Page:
FollowUp Ideas

How can you measure the horizontal and vertical velocities of a projectile? Vernier's Logger Pro can import video of a projectile. From the video, you can produce graphs and calculations of pretty much any quantity you want. Experimentally verify the answers to the APstyle problem above. Take video of two balls, perhaps launched with a Pasco projectile launcher so they are guaranteed to have the same initial speed. Launch one ball straight up, the other at an angle. Import the video to Logger Pro. Then check to see whether the speed of each ball is in fact the same at a given height.

Consider the scale of this experiment. The ball is thrown with a speed of 40 to 45 miles per hour. How fast is that? At a spring training baseball game, I saw a boy of about 10 throw in the 45 mph range on the novelty radar gun.
The cliff in question is 50 m high, which is about the height of a 15 to 16story building, or half a football field.
Neglecting air resistance, the ball ends up at the bottom of the cliff with a speed of 37 m/s, or about 80 mph—so this 10yearold boy could pitch in the major leagues if he could throw off a 150foot mound. (The pitcher's mound is, in fact, 10 inches above the playing surface.)

Projectile Motion applet: This applet lets you specify the speed, angle, and mass of a projectile launched on level ground. Why would you bother to specify the mass, since mass does not affect the flight characteristics of a projectile? Well, this applet lets you choose to include or ignore air resistance. You'll see that, even for fast speeds, a massive cannonball's range is reasonably close to that predicted by vacuum kinematics; but a 1 kg mass (the smallest allowed by the applet) takes a path that looks enticingly similar to the trajectory shown in golfball commercials, and it comes nowhere close to the vacuum range.
FollowUp Quiz with Solutions
You may use your original projectile problem, including any notes you made on it, as a reference.

Why does the problem state that Jim and Sara are on the moon?
Answer: On the Earth, a ball will approach its terminal velocity after falling for 50 m (about 15 stories). The assumption of constant acceleration, necessary for using standard kinematics, would not be valid. Since the moon has no atmosphere, though, a kinematics approach is fine.

Answer in no more than three words: how do you find acceleration from a velocitytime graph?
Answer: Take the slope.

If these balls were thrown from the 50 m high cliff on an airless planet of the same size and mass as the Earth, what would be the slope of a graph of the vertical velocity of Jim's ball vs. time? Answer in units of m/s^{2}.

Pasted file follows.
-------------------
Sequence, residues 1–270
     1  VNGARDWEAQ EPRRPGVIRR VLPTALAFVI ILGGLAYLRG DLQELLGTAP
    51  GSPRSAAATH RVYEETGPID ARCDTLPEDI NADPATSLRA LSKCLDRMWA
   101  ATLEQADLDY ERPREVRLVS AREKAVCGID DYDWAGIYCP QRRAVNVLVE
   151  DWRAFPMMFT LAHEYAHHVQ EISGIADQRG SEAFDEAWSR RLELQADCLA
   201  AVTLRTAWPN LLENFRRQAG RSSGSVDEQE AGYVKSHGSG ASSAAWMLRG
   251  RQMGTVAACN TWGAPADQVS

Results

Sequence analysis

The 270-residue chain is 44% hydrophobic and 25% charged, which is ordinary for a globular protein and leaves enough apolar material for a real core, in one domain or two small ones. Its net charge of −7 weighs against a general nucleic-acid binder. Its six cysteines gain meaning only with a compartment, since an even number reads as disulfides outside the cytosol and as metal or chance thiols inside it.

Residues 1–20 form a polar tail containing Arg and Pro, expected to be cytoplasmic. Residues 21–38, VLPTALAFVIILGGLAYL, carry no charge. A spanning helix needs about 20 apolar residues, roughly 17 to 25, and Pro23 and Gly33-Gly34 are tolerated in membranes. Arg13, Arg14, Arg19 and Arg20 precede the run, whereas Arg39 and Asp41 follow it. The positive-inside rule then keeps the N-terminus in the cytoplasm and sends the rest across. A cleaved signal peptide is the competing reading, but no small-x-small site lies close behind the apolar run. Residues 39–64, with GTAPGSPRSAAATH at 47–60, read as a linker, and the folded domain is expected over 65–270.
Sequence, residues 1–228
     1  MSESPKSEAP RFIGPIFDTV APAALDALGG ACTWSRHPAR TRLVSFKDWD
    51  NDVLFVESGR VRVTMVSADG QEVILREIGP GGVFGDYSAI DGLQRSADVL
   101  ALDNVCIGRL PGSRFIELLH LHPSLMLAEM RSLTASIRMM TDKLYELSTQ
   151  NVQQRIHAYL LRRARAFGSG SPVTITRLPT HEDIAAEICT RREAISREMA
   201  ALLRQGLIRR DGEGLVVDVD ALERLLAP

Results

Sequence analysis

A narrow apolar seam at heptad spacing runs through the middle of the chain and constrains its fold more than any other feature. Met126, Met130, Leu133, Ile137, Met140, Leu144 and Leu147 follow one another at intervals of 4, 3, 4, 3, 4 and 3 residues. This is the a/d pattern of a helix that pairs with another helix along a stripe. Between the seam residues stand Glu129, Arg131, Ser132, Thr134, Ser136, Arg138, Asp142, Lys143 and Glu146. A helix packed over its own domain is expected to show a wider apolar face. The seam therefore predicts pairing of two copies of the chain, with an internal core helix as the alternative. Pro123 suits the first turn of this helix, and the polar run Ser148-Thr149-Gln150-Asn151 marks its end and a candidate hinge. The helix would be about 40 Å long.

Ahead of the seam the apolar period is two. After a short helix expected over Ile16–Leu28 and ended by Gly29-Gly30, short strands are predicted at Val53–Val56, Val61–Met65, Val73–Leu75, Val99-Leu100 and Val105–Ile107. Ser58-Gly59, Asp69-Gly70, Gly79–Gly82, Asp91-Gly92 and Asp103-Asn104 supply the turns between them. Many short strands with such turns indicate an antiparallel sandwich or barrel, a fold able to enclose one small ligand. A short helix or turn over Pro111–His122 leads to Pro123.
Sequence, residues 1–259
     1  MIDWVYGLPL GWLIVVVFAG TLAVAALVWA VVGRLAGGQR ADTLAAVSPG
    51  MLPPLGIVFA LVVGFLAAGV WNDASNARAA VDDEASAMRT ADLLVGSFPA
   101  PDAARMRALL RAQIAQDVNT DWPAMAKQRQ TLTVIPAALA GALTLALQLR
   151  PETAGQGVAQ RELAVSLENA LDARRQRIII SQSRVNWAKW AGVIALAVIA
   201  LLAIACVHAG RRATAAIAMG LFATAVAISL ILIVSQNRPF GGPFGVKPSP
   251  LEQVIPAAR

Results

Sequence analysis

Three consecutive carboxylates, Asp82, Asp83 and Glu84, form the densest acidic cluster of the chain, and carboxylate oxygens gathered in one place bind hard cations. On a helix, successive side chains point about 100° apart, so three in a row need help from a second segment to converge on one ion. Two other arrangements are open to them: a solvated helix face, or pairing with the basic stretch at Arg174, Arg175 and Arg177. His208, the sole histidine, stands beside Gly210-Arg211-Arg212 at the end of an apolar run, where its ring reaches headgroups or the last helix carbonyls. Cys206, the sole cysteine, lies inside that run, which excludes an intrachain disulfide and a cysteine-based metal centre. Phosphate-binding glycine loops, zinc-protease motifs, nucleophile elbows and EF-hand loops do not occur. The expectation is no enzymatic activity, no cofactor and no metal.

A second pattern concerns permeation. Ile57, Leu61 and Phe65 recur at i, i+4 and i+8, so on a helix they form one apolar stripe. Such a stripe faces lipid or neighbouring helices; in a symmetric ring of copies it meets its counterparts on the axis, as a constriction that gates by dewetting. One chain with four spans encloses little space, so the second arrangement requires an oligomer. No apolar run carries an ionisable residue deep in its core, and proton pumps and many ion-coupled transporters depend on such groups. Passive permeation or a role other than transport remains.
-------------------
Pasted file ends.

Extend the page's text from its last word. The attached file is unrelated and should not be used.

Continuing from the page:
Answer: 10 m/s^{2}

Both balls are thrown with the same initial speed. One can use conservation of energy or kinematics to show that both balls still have the same speed when they hit the ground, no matter how far the ground is below the cliff. So how is it possible that the balls have different speeds at the peaks of their flights?
Answer: The balls start with the same kinetic energy. If the balls undergo the same change in potential energy, they will still have the same amount of kinetic energy. The balls are at different heights when they reach the topmost point in their flights—Jim's ball is higher. Since potential energy depends on height, Jim's ball will have gained more potential energy and thus lost more kinetic energy and speed.

Could be tough: show using kinematics that the speed of both balls is the same after the balls have fallen a vertical distance y.
Answer: Let the initial speed of each ball be v_{0}. The positive direction will be up; thus both g and y come with a negative sign, and v_{0} is a positive quantity.
Jim's ball:
Sara's ball (vertical component):
Sara's ball (horizontal):
We now have the final speed v_{f} of Jim's ball. To get the final speed of Sara's ball, add the horizontal and vertical components of the velocity vectors of Sara's ball using the Pythagorean theorem:
Now we recall the "Great Truth of Mathematics":^{1}. We can see that the speeds of both balls upon hitting the ground are given by the same equation:
[You can also see this calculation, done with values plugged in, in the solution to the quantitative homework problem.]
Note
^{1} This moniker courtesy of Gregg Musiker.